What is it with Torvalds as of late ?

I'm not following everything he says and does to be honest, so my views on the matter maybe flawed as well. But more and more do I get the feeling that in Torvalds mind there is only one right solution and that's his solution. Everything else is basically inferior by default.

There is a big difference between stating your opinion or presenting it as if it is the one and only truth. Think about it.. Mac file system? "Utter crap" according to Torvalds. Gnome 3 ? An "unholy mess". Windows? 'Can't learn anything from that' (not an accurate quote), according to Torvalds.

While my opinion tends to overlap (I also don't think much of Gnome) I wouldn't call it bad per default. First it does its job and more importantly: there are plenty of people around who /do/ enjoy Gnome. I guess those are stupid idiots too then ?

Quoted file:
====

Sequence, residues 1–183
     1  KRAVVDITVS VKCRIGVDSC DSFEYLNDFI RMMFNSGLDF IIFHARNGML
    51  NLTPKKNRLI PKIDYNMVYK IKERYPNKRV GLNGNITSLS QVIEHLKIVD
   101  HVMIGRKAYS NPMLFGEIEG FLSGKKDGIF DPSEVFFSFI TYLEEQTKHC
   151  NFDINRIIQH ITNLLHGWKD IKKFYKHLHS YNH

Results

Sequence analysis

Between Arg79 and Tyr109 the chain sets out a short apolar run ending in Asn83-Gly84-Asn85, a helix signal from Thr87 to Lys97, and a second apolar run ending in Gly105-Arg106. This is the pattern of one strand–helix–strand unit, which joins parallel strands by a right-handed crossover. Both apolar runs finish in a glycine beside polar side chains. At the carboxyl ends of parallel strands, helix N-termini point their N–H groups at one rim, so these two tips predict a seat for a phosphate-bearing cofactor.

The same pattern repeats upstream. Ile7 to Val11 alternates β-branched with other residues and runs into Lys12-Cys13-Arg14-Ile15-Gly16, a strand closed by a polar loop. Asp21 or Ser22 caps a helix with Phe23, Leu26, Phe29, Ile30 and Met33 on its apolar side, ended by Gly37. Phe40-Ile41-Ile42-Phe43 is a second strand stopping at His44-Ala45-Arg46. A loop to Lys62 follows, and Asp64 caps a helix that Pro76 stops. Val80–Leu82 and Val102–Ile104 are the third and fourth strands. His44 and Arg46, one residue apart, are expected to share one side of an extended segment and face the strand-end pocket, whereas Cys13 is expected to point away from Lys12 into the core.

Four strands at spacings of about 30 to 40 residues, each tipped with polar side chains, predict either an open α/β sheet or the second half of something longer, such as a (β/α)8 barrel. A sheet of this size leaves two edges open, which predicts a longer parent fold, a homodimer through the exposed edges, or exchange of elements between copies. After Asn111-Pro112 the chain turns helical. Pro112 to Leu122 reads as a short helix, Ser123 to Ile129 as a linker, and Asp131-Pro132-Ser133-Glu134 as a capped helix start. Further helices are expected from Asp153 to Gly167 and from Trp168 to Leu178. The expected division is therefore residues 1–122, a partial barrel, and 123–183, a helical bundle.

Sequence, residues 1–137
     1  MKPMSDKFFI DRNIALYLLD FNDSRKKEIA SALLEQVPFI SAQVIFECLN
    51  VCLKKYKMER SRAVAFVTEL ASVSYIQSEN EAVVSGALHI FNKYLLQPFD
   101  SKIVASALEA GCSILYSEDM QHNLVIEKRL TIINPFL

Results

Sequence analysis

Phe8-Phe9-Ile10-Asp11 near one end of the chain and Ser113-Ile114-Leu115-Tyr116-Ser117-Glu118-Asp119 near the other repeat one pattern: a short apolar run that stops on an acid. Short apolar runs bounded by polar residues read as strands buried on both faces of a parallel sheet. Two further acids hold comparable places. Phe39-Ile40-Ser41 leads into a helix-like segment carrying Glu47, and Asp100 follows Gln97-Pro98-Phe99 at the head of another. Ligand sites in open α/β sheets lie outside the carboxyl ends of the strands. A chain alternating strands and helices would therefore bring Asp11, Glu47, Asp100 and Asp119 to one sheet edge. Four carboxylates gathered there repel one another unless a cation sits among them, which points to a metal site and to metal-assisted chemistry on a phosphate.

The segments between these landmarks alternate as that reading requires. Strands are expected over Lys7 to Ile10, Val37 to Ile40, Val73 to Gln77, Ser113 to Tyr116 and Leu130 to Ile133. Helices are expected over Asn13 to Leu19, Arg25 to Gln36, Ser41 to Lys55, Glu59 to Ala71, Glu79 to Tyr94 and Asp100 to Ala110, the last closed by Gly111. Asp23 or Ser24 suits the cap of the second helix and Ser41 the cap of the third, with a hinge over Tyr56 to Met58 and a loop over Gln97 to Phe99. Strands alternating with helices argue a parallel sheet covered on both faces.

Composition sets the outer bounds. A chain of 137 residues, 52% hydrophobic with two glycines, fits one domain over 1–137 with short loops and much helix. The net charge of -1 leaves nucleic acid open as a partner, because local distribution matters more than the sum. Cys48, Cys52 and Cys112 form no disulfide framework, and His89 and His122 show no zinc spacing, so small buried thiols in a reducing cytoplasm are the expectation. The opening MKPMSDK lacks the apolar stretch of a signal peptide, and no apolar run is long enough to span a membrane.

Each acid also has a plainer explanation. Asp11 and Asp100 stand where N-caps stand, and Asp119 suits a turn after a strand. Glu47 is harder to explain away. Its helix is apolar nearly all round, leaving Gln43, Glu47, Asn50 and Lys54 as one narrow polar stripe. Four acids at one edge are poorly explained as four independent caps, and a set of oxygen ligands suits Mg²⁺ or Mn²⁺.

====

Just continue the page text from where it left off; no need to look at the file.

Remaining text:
Same applies to this rant. He has some interesting points but those are also easily reflected. And quite frankly I think his end conclusion is taking it WAAAY to far. Whatever happened to taking a like of LInux' key strengths; the amount of different distributions so that if you didn't like one you could always try another ?

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Microsoft's Azure cloud down and out for 8 hours

ShelLuser
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Trollface

They're finally becoming a /real/ cloud provider!

Yes, this is somewhat of a troll / joke but still...

Every major cloud provider has had some extreme outages. Amazon has been down and out for a few days, That UK clouding provider (can't remember the name) has had a downtime of more than 2 weeks. Google has had issues and got down for one day.

And now Microsoft's cloud suffers from the same. As such my conclusion: they're finally becoming a real provider to content with ;-)

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Microsoft tripped up by Blighty's techie skills gap

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Megaphone

I think...